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Study chides PS5, Xbox Series X for default power settings

Backward compatibility, streaming apps use less power than on last-gen consoles

a PlayStation 5 sitting horizontally next to an Xbox Series X, photographed on a dark gray background Photo: Henry Hargreaves for Polygon
Owen S. Good is a longtime veteran of video games writing, well known for his coverage of sports and racing games.

The PlayStation 5 and the Xbox Series S both use significantly more electricity than their predecessors when playing games designed for the new consoles, according to a report by the Natural Resources Defense Council, an environmental-advocacy group. However, the NRDC found that the new consoles draw less power than previous-generation systems when playing backward-compatible games, and while using streaming video apps.

The NRDC’s analysis — which it also performed in 2013 at the launch of the Xbox One and PlayStation 4 — praises the low-power modes that both Sony and Microsoft’s new consoles offer. The energy-saving modes allow users to resume full operation within 10 to 15 seconds while drawing less than 1 watt of electricity on standby. However, the NRDC criticized Microsoft and Sony for choosing not to make that the default power setting — the same charge that the organization levied about the PS4 and Xbox One.

The new Xboxes’ “Instant-on” mode still draws 10 watts in standby, said the NRDC. The report extrapolated that extra usage through 2025, and calculated that it could total 4 billion extra kilowatt-hours of energy — the equivalent of a single large, coal-burning power plant’s annual electricity generation.

The NRDC’s analysis used a PlayStation 5 and an Xbox Series S, which has less processing power than an Xbox Series X, and also doesn’t have an optical disc drive. The group said it was unable to obtain a Series X for full testing, but expects that the beefier console would use more energy than a Series S. Microsoft has not provided official power consumption figures for either console; Sony’s listed hardware specifications say that the standard PS5 is rated at a power draw of 350 watts, while the PS5 Digital Edition is slightly lower at 340 watts.

Sony’s new console won plaudits from the NRDC for its standby mode, which consumed 1 watt or less and allowed for booting up within 10 to 15 seconds. It did draw “a few extra watts” of power during the first three hours of standby in order to charge devices with its USB ports. But the PS5’s rechargeable DualSense controller was an environmentally preferable choice for the NRDC over the new Xbox gamepad, which ships with disposable batteries. (A rechargeable power supply for the controller is sold separately.)

The PS5’s standard power settings have the console shut off after one hour of inactivity for gaming, and after four hours for streaming content (both settings may be changed by users). That means the PlayStation 5 continues to draw about 70 watts of power if a user leaves it on after, say, watching some Netflix.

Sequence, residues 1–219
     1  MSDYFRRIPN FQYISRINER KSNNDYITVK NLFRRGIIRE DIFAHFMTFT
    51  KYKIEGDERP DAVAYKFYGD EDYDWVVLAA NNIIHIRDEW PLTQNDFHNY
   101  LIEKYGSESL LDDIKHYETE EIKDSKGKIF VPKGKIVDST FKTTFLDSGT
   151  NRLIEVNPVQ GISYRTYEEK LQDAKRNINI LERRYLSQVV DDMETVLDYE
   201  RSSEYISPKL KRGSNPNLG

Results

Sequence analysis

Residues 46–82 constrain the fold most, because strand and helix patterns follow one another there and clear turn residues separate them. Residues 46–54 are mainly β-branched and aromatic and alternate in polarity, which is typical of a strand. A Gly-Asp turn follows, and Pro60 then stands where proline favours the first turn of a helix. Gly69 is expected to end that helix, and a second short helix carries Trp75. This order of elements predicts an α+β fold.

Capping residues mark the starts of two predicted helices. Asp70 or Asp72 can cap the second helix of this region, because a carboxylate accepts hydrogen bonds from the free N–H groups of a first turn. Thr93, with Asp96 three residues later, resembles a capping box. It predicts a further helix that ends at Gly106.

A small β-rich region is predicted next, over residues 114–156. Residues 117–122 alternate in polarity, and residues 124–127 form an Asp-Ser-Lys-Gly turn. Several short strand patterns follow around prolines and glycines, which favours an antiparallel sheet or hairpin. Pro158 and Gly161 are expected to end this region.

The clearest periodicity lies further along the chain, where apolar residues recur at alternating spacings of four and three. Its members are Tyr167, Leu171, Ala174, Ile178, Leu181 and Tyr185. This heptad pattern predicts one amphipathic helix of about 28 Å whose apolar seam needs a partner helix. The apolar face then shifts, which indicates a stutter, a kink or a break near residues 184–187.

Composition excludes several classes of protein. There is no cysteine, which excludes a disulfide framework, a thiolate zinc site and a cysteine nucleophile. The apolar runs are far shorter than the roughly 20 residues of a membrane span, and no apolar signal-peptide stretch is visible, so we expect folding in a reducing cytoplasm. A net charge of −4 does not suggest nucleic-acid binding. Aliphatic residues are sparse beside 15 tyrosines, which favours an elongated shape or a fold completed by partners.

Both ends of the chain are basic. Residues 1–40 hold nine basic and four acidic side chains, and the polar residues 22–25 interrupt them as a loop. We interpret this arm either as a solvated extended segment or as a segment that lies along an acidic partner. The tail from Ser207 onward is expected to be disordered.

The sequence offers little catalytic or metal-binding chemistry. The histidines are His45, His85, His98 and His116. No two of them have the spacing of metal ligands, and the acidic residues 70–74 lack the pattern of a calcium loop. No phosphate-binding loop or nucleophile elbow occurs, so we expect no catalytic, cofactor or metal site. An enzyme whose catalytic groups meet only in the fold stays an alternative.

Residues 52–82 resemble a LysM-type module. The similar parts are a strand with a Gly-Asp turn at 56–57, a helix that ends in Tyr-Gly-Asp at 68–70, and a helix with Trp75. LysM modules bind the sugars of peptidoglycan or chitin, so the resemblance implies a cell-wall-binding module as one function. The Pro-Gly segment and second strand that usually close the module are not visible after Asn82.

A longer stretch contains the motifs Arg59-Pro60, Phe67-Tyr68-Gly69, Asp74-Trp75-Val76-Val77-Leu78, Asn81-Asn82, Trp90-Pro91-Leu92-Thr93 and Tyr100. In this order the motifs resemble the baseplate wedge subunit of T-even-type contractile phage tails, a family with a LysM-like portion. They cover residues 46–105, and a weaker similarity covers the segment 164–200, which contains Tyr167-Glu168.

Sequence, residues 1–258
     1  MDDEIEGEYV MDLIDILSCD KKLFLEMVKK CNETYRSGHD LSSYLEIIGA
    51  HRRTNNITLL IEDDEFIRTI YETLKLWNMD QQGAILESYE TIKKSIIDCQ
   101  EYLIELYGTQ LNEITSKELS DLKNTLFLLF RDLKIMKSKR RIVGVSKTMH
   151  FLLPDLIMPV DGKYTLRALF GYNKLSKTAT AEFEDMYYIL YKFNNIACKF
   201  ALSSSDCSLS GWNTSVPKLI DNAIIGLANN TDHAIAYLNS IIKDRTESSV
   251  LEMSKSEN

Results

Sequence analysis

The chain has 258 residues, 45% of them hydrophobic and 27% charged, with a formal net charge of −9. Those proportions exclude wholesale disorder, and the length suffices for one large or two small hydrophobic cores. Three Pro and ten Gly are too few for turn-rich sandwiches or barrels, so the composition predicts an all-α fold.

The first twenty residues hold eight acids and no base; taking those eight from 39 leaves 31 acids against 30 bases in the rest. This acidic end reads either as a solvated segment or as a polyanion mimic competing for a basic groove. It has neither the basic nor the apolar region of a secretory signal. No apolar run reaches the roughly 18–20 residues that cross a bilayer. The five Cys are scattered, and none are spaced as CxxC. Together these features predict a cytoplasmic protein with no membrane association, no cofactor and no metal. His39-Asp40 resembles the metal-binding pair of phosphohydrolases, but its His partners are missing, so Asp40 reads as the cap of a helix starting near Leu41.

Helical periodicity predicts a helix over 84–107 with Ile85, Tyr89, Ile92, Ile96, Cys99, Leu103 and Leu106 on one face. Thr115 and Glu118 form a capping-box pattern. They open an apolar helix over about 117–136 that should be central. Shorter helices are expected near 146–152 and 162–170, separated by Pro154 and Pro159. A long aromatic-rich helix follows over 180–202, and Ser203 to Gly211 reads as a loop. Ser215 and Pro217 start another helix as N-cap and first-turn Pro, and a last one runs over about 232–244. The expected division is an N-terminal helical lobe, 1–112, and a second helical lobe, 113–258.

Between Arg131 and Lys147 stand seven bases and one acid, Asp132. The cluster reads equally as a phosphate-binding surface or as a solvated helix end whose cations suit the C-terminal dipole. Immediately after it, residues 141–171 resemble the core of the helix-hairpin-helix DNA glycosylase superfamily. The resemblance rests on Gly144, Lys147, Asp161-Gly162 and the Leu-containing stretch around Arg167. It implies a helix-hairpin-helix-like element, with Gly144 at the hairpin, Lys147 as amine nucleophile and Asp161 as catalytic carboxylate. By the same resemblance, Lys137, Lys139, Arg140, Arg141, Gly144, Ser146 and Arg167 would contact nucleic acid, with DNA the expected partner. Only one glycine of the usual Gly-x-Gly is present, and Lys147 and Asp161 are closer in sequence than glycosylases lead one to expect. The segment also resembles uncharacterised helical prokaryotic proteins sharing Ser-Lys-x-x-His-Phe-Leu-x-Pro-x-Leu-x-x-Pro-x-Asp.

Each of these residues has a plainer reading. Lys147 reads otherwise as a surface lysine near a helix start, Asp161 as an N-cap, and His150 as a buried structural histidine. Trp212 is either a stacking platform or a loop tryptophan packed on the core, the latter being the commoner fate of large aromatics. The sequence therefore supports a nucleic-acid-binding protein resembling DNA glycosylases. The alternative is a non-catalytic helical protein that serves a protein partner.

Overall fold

Even so, power consumption while using streaming apps, for both the PS5 and Xbox Series S, is lower than that of their predecessors — although the NRDC said that dedicated streaming devices use even less power for the same task. The PS4, according to the NRDC’s 2013 analysis, used 90 watts while streaming Netflix to the Xbox One’s 74 watts. The Series S consumed 31 watts to stream Netflix (and, inexplicably, 41 watts for Amazon Video), while the PS5 drew 68-70 watts to stream from both services.

Overall, though, the expected draw of 160-200 watts to play PS5 titles, or games optimized for the Xbox Series X, is more power than a 60-inch television set consumes, the NRDC said.

In 2013, the NRDC warned that the PS4 and Xbox One could be responsible for as much as three times more energy consumption than the preceding PS3 and Xbox 360 generation. In 2015, the organization said the Xbox One could be responsible for up to $250 million in additional annual electricity costs for U.S. households. The NRDC’s newest analysis warns that Xbox Series S or Series X owners in the U.S. could pay as much as $500 million, combined, over the next five years, for the extra power those consoles use in their “Instant-on” mode versus the “Energy-saving” mode.

In 2015, after the NRDC sharply criticized the launch Xbox One’s power use, Microsoft added an energy-saving mode as an option when new Xbox One users first set up their consoles. At the time, Microsoft said the difference in power consumption between those two modes would save customers between $6 and $15 on their annual electricity bill. And the company released a software update in late November that reportedly reduced the power consumption of the Instant-on mode by as much as 61% for the Xbox Series X.

Polygon has reached out to representatives of Microsoft and Sony for additional comment.

Correction (Feb. 1, 2021): The Natural Resources Defense Council says there was a typographical error in its original story, which led to an inaccurate estimate of how much Xbox Series X and Series S owners in the U.S. could pay over the next five years, combined, in additional electricity costs. The correct figure is $500 million. This post has been corrected to reflect that.

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